Yesterday was the third anniversary of the destruction of part of the Fukushima Daiichi reactor complex, so I guess that makes today the third anniversary of the Fukushima meltdown (or at least the start of it). Reader Neutron Flux sent over a piece from the nuclear operators’ perspective. I think it’s a bit rosy on Fukushima’s future, but the US response hasn’t been well reported:
In the United States, similar work is also in process and showing real progress. By the end of this year, two regional centers, each with five full sets of mobile backup emergency equipment, will be opened. This backs up equipment already bought by and stationed near the nuclear plants themselves; NEI informs us that 20 nuclear plants will complete their FLEX preparations by the third quarter of 2014 in the area of mobile electric power. Twenty plants will also have installed spent fuel pool water level monitoring equipment. Already completed are plant-specific seismic walkdowns and flooding walkdowns; actions resulting from these are all forthcoming. In all, over 1500 pieces of equipment (such as generator trucks and water pump trucks) have been purchased for this FLEX effort, or are on order. NEI reports that all FLEX modifications at all nuclear plants in the United States will be complete by 2016.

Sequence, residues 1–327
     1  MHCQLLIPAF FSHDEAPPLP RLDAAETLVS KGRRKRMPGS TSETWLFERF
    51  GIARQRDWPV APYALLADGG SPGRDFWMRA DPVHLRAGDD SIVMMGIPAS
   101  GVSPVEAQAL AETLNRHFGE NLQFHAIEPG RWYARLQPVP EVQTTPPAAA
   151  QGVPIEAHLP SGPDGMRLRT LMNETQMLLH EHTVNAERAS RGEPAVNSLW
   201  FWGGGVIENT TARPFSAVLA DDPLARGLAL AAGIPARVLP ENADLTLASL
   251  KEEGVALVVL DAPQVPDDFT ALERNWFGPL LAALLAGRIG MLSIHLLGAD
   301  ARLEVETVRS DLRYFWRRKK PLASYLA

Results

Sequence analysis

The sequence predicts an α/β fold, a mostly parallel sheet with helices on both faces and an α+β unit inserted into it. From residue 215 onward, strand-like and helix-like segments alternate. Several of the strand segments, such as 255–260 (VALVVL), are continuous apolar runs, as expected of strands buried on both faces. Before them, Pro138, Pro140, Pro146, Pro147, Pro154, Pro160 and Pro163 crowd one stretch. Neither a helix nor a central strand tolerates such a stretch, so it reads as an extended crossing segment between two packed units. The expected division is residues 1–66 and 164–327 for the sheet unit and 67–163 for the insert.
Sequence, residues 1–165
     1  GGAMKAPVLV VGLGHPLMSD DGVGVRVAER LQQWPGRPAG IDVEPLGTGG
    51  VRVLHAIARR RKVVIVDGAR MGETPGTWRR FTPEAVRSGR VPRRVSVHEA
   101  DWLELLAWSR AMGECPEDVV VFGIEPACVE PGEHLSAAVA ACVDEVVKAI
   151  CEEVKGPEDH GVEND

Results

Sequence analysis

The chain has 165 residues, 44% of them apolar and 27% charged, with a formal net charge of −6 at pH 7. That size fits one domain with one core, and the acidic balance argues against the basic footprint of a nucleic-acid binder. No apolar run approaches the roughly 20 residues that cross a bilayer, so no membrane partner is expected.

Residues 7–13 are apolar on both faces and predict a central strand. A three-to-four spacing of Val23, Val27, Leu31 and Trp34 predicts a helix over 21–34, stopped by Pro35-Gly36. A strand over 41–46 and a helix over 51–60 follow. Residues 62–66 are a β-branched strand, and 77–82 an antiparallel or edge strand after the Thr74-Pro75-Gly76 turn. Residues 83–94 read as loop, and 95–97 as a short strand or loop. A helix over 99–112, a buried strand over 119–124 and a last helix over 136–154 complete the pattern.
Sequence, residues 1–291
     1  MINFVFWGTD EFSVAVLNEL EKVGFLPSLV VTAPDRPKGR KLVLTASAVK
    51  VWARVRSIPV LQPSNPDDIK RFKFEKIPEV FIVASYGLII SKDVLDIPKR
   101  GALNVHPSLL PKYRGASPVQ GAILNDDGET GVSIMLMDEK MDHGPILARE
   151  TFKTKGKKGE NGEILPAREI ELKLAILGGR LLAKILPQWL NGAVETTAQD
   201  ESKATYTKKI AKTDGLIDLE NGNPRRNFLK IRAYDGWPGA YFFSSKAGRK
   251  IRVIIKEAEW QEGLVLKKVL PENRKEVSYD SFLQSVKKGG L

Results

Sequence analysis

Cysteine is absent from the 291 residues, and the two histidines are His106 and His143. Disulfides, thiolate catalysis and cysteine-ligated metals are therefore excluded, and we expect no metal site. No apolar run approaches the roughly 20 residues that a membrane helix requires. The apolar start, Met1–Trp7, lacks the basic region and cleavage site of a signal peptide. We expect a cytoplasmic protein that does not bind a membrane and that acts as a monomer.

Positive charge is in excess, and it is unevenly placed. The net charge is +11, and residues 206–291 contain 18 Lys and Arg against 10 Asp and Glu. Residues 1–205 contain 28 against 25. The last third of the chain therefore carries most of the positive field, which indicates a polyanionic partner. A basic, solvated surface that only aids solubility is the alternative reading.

Though it looks like there have been no deaths attributable to radiation, the Japanese government says that 1,600 people evacuated from Fukushima died due to causes “related to the disaster”. 100,000 of the 270,000 evacuees are still in temporary housing.
Overall, judging from these charts, there are still plenty of reactors planned or being built, mostly in Asia.